About six months ago, the team that developed Snowpack realized that their efforts had paralleled those of the Vite.js tooling. Vite.js also used ES Modules, and provides a mature code base and strong community support. Since the Snowpack team wanted to work on other projects (Astro), they switched their underlying tooling to use Vite.js.
So… I decided to see what it would take to migrate my Snowpack project to use Vite.js. Everything I had read said that it was easy. Here’s a field report from what was required.
vitejs-docker-dev repo has good documentation. It describes a lot of background of how the Docker machine gets built and how to use it.
Update: Andrew Welch (who created the vitejs-docker-dev project) sent me a link to his article about using “Docker for all the things.” It’s a good adjunct to the original “Run More Stuff in Docker” post.
Back to the main story – here are the steps I followed to get my Snowpack project on the air with Vite.js:
- Create the Docker instance. Clone the
vitejs-docker-devrepo. Then run
make dockerto put the set of development tools into a new Docker instance. This one-time step takes a few minutes. You may see several warnings (as described in a Github issue) but these don’t seem to be important.
- Check the default Vite.js app builds on Docker. Run
make vite-pnpm run devin one terminal window, then run
make app-pnpm run devin a second window (waiting between the commands as described in the README). Click the http://localhost:3000 URL to see if the test Vite app starts up. Edit the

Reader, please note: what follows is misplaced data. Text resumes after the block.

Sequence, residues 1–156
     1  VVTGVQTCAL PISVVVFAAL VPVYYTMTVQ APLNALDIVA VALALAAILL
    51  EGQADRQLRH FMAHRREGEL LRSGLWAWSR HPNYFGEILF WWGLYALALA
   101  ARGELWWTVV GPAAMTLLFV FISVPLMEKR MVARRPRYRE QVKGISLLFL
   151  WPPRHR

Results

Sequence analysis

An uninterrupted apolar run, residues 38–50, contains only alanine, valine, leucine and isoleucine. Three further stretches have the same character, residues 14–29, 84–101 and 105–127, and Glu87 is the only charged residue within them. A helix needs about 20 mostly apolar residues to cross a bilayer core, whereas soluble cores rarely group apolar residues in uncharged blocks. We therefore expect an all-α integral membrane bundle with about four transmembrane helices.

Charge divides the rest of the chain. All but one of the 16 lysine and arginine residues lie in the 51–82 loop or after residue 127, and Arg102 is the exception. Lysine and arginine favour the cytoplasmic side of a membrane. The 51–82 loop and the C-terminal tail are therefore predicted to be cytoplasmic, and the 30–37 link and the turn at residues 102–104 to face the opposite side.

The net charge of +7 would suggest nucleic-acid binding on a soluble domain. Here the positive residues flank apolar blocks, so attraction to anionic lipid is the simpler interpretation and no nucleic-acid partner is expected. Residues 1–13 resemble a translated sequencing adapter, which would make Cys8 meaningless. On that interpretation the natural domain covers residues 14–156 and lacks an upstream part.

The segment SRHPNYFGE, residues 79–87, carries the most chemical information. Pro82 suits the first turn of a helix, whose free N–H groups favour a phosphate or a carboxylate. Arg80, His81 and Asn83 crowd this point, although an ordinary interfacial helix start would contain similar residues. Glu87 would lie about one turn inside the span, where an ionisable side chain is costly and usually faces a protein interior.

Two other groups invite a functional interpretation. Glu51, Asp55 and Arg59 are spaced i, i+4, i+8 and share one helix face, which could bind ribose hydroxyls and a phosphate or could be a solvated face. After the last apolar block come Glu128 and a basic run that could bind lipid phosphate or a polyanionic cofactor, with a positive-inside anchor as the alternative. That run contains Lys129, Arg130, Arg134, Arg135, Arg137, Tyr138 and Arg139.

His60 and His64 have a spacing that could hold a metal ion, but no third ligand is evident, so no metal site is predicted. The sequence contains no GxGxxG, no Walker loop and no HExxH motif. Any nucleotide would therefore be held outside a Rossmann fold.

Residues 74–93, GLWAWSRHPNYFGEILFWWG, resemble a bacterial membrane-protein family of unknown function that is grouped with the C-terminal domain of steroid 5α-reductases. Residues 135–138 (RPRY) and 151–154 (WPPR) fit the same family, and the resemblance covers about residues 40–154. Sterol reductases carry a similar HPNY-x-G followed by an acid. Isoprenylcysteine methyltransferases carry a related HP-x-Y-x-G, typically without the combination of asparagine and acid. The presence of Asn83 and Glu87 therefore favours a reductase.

index.htmlfile to see if the change is reflected in the web browser. (It should be…)
- Customize the
/appdirectory for your app. Copy all your app’s files into the
appdirectory. (I renamed the original to
app-oldand created a new
appdirectory.) This required a bit of jiggering to adjust between Snowpack and Vite.js, such as:
index.htmlfile for Snowpack was in the
publicdirectory; for Vite.js, I moved it to the top-level
- Copy the
package.jsonand other important directories to
- Adjust the paths for
index.html: Snowpack bundles source files from
/distdirectory; Vite.js processes the files directly from
- I can’t remember whether I made other tweaks; it certainly wasn’t odious.
- Remove references to the Snowpack modules from the
package.jsonfile. Optionally, you could take the opportunity to update the versions of dependencies.
- Rebuild the Docker instance (#1 above) and restart the development process (#2 above). Click the link to http://localhost:3000 and your app should begin to run. You’ll probably need to make adjustments, but you’ll be substantially on the air.
TL;DR The process of converting to Vite.js wasn’t very hard (at least, not on my small project). It required a little farbling around, but nothing terrible. The jury’s still out on whether
vitejs-docker-dev will make my life better – but I think it just might.